Share

Eyes in the Skies: Drones Join the Fight to Save Wildlife

By Laura Dattaro
Published: May 6, 2014

Kenya's National Parks

Aerial view of elephants fighting in Kenya's Amboseli National Park. (Steve Bloom Images/Alamy)

As elephants and rhinos continue to fall prey to poachers seeking to sell their tusks, the need for new ways to track, find and stop poachers becomes ever more urgent. In Kenya alone, poachers killed 89 rhinos and 686 elephants in 2012 and 2013, Reuters reports.

Species around the world face these and more threats. One of the best new technologies in the fight to protect wildlife is the unmanned aerial vehicle, commonly known as a drone. Without the need for a pilot on board, drones can fly into dangerous areas and can keep an eye on the wild around the clock.

Some groups looking into the use of drones for conservation have already reported early successes. And when wildlife photographers get their hands on the technology, the results can be truly stunning. Here we take a look at some of the innovative ways drones are being used to monitor, protect and appreciate wildlife.

First off, Kenya's national park system.

After a wildly successful pilot program that reduced poaching by 96 percent in a protected wildlife area, Kenya is going full on with its commitment to drones as a tool for poaching prevention. The country’s wildlife service is set to deploy drones in all 52 of its national parks, The Guardian reports, allowing rangers to spot poachers before they attack. “We have tried so many other security measures, but they have failed us,” Kenya Wildlife Service spokesperson Paul Udoto told The Guardian. The drone presence is deterring many poachers, Udoto says, and making it far easier to find the ones who still try. 

NEXT: Only seven left on Earth


Featured Blogs

93L in Eastern Atlantic Growing More Organized

By Dr. Jeff Masters
July 28, 2014

An area of disturbed weather located near 10°N, 33°W at 8 am EDT Monday, about 500 miles southwest of the Cape Verde Islands, was designated Invest 93L by NHC early Monday morning. This disturbance is a more serious threat than Tropical Depression Two of last week, and has the potential to develop into a strong tropical storm before reaching the Lesser Antilles Islands on Friday or Saturday.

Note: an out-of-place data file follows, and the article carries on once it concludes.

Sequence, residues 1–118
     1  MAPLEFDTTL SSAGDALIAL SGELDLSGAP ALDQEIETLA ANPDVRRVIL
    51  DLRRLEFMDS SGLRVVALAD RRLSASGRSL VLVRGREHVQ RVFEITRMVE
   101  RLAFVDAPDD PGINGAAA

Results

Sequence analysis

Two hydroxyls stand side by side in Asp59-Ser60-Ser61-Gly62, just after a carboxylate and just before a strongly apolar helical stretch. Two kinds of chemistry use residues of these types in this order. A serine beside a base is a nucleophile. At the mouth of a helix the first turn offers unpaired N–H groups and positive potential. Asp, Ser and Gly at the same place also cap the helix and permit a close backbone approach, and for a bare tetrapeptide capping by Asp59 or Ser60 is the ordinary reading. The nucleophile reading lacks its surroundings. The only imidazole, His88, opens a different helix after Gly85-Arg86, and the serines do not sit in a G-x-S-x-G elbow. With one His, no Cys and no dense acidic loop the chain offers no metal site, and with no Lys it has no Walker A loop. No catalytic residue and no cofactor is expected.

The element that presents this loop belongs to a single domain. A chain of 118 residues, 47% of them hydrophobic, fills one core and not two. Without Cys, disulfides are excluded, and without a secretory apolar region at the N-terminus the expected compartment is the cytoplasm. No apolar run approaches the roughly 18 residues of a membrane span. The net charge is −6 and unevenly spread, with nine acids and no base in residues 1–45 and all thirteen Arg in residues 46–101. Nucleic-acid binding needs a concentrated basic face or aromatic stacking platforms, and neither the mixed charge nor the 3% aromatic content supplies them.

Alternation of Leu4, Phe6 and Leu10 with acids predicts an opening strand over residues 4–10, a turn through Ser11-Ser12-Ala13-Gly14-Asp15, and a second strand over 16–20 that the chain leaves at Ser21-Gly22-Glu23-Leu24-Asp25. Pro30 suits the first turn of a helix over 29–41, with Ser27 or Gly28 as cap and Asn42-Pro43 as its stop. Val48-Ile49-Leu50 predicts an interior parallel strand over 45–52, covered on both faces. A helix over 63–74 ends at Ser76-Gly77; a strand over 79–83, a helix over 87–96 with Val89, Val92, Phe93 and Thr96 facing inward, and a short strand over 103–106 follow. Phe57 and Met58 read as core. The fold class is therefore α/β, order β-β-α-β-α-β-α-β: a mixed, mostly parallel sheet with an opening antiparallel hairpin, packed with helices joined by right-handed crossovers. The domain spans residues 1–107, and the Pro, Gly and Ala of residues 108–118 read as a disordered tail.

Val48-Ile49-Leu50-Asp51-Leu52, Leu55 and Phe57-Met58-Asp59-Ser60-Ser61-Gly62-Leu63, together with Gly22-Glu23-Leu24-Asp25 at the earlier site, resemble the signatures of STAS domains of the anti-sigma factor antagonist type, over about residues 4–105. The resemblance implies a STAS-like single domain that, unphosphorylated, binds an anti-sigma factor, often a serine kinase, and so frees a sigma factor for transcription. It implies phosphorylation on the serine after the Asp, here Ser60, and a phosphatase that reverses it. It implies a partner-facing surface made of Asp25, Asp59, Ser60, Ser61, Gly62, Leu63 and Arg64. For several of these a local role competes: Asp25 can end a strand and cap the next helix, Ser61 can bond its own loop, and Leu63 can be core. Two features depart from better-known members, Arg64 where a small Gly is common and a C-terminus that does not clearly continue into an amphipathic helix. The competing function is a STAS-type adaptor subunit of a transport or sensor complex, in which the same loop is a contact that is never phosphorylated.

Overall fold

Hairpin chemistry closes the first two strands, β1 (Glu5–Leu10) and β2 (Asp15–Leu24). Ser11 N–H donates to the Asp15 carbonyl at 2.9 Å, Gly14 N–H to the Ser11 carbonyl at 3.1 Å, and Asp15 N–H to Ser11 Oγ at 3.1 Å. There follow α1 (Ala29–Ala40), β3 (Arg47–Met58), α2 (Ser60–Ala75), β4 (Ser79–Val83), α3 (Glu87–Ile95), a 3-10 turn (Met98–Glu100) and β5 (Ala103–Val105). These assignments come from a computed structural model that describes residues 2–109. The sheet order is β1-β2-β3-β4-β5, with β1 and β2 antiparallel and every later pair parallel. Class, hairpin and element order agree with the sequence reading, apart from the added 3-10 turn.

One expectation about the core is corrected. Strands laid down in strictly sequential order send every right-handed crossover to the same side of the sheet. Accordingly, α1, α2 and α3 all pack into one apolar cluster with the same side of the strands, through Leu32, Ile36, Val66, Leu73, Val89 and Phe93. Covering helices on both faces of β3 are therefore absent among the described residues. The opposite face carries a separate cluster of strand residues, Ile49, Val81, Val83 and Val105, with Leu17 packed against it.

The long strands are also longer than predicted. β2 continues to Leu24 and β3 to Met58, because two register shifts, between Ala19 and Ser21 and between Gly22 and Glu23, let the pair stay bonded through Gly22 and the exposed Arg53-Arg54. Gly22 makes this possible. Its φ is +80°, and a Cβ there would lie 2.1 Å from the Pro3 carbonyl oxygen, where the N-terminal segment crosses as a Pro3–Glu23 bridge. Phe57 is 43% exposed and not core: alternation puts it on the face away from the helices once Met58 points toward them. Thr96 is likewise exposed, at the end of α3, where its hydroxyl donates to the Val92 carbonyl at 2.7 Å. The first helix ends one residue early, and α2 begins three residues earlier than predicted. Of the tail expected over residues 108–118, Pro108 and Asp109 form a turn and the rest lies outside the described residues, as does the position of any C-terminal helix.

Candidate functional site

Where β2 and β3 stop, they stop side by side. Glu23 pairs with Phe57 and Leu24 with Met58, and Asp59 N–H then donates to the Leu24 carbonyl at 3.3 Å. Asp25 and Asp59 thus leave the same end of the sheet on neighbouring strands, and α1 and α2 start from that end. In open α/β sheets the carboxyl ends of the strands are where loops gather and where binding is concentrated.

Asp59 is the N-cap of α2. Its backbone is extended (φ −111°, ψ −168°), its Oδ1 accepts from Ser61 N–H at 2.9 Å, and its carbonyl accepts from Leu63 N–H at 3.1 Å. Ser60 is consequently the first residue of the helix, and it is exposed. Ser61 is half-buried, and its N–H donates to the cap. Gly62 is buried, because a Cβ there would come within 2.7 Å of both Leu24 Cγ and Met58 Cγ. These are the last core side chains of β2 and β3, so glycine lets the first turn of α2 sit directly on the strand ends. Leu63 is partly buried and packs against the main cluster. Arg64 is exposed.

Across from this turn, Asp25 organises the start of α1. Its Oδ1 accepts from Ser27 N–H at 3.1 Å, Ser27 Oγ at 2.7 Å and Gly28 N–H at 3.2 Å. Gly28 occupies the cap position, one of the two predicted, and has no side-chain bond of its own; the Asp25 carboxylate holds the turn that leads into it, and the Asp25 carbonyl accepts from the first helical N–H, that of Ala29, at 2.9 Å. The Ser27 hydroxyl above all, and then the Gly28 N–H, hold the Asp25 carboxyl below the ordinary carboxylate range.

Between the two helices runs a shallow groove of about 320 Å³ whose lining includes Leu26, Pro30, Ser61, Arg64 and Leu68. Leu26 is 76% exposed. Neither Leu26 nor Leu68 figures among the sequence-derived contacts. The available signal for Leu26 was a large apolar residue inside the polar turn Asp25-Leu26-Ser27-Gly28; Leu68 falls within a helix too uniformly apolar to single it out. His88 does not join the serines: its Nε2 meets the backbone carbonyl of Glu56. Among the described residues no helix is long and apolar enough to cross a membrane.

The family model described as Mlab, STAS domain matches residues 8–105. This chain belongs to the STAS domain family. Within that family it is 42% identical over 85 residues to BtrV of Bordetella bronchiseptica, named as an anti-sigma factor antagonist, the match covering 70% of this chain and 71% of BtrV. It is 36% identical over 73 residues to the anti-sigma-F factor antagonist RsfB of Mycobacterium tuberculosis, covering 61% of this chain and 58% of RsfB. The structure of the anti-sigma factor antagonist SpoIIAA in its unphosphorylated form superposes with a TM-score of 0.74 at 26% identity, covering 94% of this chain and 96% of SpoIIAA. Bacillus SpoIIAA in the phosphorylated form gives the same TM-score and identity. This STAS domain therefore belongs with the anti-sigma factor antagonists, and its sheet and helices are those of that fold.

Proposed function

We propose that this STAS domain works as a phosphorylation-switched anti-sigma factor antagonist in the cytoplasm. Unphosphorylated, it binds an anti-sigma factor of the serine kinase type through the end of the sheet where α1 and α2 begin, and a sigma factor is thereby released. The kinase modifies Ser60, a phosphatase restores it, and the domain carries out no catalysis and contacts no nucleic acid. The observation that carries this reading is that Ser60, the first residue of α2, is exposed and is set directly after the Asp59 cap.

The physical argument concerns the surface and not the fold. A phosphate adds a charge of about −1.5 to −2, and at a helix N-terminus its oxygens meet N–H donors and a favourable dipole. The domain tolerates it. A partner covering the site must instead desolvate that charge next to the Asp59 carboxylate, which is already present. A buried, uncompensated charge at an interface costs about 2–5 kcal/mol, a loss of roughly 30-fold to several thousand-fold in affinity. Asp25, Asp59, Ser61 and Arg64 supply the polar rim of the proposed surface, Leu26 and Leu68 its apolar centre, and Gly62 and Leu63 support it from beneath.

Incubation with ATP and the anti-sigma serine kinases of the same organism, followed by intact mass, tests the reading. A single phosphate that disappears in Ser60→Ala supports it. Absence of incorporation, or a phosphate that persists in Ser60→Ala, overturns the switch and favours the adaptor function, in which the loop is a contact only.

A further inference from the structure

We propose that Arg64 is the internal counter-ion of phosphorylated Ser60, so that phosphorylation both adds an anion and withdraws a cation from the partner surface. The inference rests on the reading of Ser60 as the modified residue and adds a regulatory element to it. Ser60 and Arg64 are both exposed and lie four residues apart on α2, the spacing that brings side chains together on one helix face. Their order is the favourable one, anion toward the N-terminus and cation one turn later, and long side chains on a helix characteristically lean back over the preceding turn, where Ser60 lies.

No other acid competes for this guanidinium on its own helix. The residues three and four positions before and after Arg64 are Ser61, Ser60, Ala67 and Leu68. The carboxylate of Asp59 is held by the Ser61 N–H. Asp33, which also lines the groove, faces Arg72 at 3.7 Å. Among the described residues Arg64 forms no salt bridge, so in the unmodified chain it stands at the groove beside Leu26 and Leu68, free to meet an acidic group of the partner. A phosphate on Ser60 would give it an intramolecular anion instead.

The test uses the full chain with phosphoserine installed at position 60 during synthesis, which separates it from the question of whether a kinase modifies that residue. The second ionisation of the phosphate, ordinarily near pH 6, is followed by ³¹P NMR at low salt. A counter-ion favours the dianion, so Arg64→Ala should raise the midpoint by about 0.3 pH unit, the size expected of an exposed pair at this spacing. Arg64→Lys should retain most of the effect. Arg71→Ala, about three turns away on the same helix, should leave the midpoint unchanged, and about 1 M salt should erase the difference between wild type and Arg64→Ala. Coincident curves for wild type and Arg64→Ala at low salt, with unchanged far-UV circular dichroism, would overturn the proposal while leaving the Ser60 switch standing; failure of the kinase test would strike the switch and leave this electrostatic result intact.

June 2014 Global Weather Extremes Summary

By Christopher C. Burt
July 26, 2014

June was globally the warmest such on record according to NOAA/NCDC. See Jeff Master’s blog about this posted last Thursday. The month featured heat waves in portions of Japan, China, Western Europe, Central Asia, and Mexico. Late season cold and even some snowfall were observed in Estonia, Russia, and Scandinavia mid-month. Deadly flooding occurred in Bulgaria, Paraguay, Afghanistan, India and Sri Lanka. An intense dust storm struck Tehran, Iran on June 2nd. Yet another intense hurricane (Cristina) formed in the Eastern Pacific.

Live Blog: Tracking Hurricane Arthur as it Approaches North Carolina Coast

By Shaun Tanner
July 3, 2014

This is a live blog set up to provide the latest coverage on Hurricane Arthur as it threatens the North Carolina Coast. Check back often to see what the latest is with Arthur. The most recent updates are at the top.

Tropical Terminology

By Stu Ostro
June 30, 2014

Here is some basic, fundamental terminology related to tropical cyclones. Rather than a comprehensive and/or technical glossary, this represents the essence of the meaning & importance of some key, frequently used terms.

2013-14 - An Interesting Winter From A to Z

By Tom Niziol
May 15, 2014

It was a very interesting winter across a good part of the nation from the Rockies through the Plains to the Northeast. Let's break down the most significant winter storms on a month by month basis.

What the 5th IPCC Assessment Doesn't Include

By Angela Fritz
September 27, 2013

Melting permafrost has the potential to release an additional 1.5 trillion tons of carbon into the atmosphere, and could increase our global average temperature by 1.5°F in addition to our day-to-day human emissions. However, this effect is not included in the IPCC report issued Friday morning, which means the estimates of how Earth's climate will change are likely on the conservative side.